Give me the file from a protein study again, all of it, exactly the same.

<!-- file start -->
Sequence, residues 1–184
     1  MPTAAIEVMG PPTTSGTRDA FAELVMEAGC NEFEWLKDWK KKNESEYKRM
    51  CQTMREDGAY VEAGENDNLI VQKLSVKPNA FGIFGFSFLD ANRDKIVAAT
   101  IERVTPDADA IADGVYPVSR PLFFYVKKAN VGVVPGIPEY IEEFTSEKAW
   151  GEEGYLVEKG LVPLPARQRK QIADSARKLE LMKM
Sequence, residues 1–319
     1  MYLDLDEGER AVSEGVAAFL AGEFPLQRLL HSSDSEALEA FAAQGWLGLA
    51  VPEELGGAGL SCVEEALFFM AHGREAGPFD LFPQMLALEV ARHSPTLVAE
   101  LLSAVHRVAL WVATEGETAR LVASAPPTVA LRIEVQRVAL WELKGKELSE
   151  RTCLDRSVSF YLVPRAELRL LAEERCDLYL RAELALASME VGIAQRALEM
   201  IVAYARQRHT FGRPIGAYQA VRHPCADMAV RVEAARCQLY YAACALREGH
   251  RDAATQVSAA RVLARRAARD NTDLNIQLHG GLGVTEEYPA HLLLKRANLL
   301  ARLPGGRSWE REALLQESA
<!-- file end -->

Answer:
Sequence, residues 1–184
     1  MPTAAIEVMG PPTTSGTRDA FAELVMEAGC NEFEWLKDWK KKNESEYKRM
    51  CQTMREDGAY VEAGENDNLI VQKLSVKPNA FGIFGFSFLD ANRDKIVAAT
   101  IERVTPDADA IADGVYPVSR PLFFYVKKAN VGVVPGIPEY IEEFTSEKAW
   151  GEEGYLVEKG LVPLPARQRK QIADSARKLE LMKM
Sequence, residues 1–319
     1  MYLDLDEGER AVSEGVAAFL AGEFPLQRLL HSSDSEALEA FAAQGWLGLA
    51  VPEELGGAGL SCVEEALFFM AHGREAGPFD LFPQMLALEV ARHSPTLVAE
   101  LLSAVHRVAL WVATEGETAR LVASAPPTVA LRIEVQRVAL WELKGKELSE
   151  RTCLDRSVSF YLVPRAELRL LAEERCDLYL RAELALASME VGIAQRALEM
   201  IVAYARQRHT FGRPIGAYQA VRHPCADMAV RVEAARCQLY YAACALREGH
   251  RDAATQVSAA RVLARRAARD NTDLNIQLHG GLGVTEEYPA HLLLKRANLL
   301  ARLPGGRSWE REALLQESA